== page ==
Florida woman to be subpoenaed for Bryant case | VailDaily.com
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Florida woman to be subpoenaed for Bryant case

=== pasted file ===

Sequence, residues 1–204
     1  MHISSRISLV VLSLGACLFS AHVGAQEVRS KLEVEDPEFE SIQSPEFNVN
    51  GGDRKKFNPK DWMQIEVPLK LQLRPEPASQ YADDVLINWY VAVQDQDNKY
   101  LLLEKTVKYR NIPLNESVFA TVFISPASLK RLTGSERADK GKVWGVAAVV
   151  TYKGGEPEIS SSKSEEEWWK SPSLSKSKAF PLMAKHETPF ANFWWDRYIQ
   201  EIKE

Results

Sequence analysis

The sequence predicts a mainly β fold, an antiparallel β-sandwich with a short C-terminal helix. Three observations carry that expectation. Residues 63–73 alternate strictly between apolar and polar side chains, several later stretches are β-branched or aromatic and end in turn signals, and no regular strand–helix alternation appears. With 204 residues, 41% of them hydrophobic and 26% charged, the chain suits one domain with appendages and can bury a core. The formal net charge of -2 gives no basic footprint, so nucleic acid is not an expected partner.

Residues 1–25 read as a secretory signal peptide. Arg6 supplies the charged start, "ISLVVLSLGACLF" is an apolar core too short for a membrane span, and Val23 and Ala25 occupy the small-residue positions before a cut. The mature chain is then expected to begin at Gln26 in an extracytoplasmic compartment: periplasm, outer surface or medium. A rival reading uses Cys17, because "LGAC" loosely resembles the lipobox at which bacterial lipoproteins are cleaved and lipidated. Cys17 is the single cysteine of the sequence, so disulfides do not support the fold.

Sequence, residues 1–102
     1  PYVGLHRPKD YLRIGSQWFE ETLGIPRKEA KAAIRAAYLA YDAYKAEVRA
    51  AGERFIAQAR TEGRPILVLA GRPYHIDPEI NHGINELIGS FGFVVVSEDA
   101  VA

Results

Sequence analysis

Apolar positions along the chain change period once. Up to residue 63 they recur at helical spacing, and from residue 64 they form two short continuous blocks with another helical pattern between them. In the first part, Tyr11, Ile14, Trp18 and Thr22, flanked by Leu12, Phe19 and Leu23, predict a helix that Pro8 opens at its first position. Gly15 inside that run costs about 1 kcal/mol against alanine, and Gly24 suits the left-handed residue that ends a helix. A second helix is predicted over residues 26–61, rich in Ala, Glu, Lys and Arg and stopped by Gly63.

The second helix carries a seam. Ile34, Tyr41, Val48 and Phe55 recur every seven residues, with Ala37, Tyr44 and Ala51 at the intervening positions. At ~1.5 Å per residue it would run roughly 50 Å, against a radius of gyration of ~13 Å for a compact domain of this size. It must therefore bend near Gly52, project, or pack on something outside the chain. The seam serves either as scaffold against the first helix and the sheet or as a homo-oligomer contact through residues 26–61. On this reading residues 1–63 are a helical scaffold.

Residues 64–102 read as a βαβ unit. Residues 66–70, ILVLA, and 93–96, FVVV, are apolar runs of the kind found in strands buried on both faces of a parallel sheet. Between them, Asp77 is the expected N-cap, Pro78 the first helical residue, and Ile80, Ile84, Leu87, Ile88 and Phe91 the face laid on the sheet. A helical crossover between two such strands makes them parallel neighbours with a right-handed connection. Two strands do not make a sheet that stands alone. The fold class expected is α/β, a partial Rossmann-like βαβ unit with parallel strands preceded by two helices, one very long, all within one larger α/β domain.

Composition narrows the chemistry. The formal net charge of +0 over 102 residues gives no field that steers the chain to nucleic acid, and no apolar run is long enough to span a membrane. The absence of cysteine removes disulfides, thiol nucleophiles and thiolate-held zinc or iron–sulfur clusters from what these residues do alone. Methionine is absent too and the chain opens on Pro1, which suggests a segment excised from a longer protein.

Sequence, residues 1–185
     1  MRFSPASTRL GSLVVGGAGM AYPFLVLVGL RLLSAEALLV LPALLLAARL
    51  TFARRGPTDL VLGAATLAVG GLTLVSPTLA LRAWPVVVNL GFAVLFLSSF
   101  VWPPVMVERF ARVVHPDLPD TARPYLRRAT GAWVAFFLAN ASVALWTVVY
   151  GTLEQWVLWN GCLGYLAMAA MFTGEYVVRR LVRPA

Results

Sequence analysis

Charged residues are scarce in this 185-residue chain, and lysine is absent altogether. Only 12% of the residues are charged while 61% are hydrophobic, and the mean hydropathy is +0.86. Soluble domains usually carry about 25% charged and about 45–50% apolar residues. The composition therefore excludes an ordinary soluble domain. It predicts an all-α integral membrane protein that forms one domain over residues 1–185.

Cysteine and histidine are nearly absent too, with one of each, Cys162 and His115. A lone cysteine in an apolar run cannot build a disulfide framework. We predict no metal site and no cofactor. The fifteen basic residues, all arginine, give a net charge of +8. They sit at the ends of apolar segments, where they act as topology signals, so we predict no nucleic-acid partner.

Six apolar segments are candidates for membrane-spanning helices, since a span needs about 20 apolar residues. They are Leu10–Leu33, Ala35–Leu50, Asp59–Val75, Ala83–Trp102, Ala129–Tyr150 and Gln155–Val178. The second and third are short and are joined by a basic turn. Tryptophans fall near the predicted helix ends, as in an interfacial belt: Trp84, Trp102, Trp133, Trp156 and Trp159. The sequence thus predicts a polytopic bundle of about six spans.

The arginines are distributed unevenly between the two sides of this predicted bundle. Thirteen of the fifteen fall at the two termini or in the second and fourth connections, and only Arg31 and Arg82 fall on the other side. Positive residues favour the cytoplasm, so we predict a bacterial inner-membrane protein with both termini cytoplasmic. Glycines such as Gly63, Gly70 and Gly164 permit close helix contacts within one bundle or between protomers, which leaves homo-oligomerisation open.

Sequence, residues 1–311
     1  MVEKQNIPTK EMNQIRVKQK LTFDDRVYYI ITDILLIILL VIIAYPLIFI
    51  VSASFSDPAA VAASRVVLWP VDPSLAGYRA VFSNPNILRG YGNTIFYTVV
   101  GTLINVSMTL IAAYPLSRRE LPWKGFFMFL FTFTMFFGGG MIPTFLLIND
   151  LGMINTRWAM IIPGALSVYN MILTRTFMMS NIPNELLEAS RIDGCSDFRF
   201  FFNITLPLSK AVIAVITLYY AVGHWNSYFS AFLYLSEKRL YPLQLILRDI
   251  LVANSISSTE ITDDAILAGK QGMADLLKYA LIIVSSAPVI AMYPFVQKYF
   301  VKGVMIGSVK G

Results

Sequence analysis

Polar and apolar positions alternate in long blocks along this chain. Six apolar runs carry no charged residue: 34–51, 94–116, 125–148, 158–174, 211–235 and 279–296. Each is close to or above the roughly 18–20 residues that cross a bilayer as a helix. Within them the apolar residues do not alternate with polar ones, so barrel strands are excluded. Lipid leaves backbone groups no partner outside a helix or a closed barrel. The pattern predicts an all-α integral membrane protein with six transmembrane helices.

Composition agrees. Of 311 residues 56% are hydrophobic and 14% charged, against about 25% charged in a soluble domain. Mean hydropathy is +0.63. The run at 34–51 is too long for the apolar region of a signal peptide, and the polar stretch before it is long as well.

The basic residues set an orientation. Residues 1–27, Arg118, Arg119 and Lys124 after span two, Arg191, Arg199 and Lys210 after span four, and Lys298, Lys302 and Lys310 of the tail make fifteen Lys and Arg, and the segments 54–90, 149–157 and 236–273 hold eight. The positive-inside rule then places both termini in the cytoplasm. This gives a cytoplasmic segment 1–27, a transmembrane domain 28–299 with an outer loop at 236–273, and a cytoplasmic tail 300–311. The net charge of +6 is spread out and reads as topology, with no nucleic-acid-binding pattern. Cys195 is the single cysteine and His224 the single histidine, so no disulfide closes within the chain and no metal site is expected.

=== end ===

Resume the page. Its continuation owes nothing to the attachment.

A Florida woman claims Kobe Bryant groped her almost two years ago, and 13 months after she made the claim, prosecutors say they want her to tell her story in court, according to a magazine story.Sources close to the case confirmed Tuesday that the woman will be subpoenaed to testify, if she has not been already. During a May 2 hearing, District Attorney Mark Hurlbert said prosecutors would call no witnesses from outside Colorado, but that may have changed.Legal experts said the woman’s testimony about what happened two years ago would likely be taken in a private hearing, the same way testimony was taken regarding Bryant’s alleged victim’s sexual history.That is, if it’s allowed at all.Bryant’s lead defense attorney, Pamela Mackey, said Tuesday that it takes 60 to 90 days to complete an out-of-state subpoena, reiterating what she told District Judge Terry Ruckriegle during that May 2 hearing. She said they started summoning their out-of-state witnesses July 2, and for all practical purposes, it’s probably too late to subpoena someone from Florida.Local defense attorney Jim Fahrenholtz said Colorado’s disclosure laws require witness lists to be handed over 30 days before trial. Bryant’s trial starts in 23 days, Aug. 27. Fahrenholtz said the woman’s testimony would likely delay the trial, something he said Ruckriegle is unlikely to allow.If Ruckriegle did allow that testimony, it would become part of the prosecution’s main case. If he does not, the woman could still testify to rebut something the defense presented, or Bryant’s testimony.District Attorney’s Office spokeswoman Krista Flannigan said she was prohibited from commenting because this deals with potential facts of the case.To subpoena witnesses from other states, attorneys must ask the court to contact the court in the witness’s home area, in this case Florida. The witness would have to be served court papers requiring an appearance in his or her local court. There, they would explain why they should or should not be required to travel to the other state to testify in a criminal trial.Searching for “similar transations”Local defense attorney and former state and federal prosecutor David Lugert said if the Florida woman’s testimony is admitted and proven, “similar transaction” evidence is powerful, pointing out to juries possible patterns of behavior or that someone tends to create the kinds of opportunities that landed them in trouble with the law.”If this is proven, it’s potentially just as damaging to Mr. Bryant as the rape shield information was to the victim,” said Lugert.Ruckriegle ruled that the alleged victim’s sexual activity 72 hours prior to her rape shield exam is admissible for the trial. Bryant’s defense attorneys say her injuries could have come from sex with other men during that time period, and that she had sex with someone after Bryant and before her rape exam – a claim her attorney, John Clune, vehemently denies.That the Florida woman surfaced should come as no surprise to attorneys for either side. Former Denver District Attorney Norm Early said that if she if she called prosecutors a year ago, as the Sports Illustrated story said she did, it’s in the prosecutor’s file and should be known by the defense already.Bryant, 25, has pleaded not guilty to felony sexual assault, saying he had consensual sex with the woman, now 20, at the Lodge and Spa at Cordillera, June 30, 2003. If convicted, he faces four years to life in prison or 20 years to life on probation, and a fine up to $750,000.Sports Illustrated’s versionJeff Benedict, author of “Out of Bounds: Inside the NBA’s Culture of Rape, Violence and Crime,” a critical look at the NBA, wrote the piece for Sports Illustrated. The story appeared Tuesday on the magazine’s Web site. The Florida woman is not named in his story, and if she appears in court, it will be through a subpoena. According to Benedict’s story, because of what she has seen Kobe Bryant’s alleged rape victim go through, she won’t willingly cooperate.The Sports Illustrated story claims the 22-year-old Florida waitress says she was an employee at Planet Hollywood and had been hired to work at a private party at Shaquille O’Neal’s Orlando home on Thanksgiving 2002. The Los Angeles Lakers were in Orlando for a game with the Magic, and O’Neal hosted a team dinner. Sports Illustrated says the woman claims Bryant asked for her cell number, which she gave him, and later asked her to bring him a soft drink outside. The story claims Bryant then cornered her and groped her private parts. She told the magazine that Bryant laughed as she pushed him away, and that she retreated inside O’Neal’s home and called her mother. The next day, the woman says, she received a call from a man who said he was an associate of Bryant’s, apologizing for Bryant’s behavior. The woman told Sports Illustrated she watched Bryant’s press conference after he was charged on July 18, 2003, when he said he didn’t force his alleged victim to do anything against her will, and proclaimed his innocence. According to the Sports Illustrated story, she called Colorado prosecutors to report what she says Bryant did to her.Left unexplained for a witness whose testimony would potentially be significant for the prosecution’s case is how time has elapsed to the point that it appears unlikely she would be allowed to testify.


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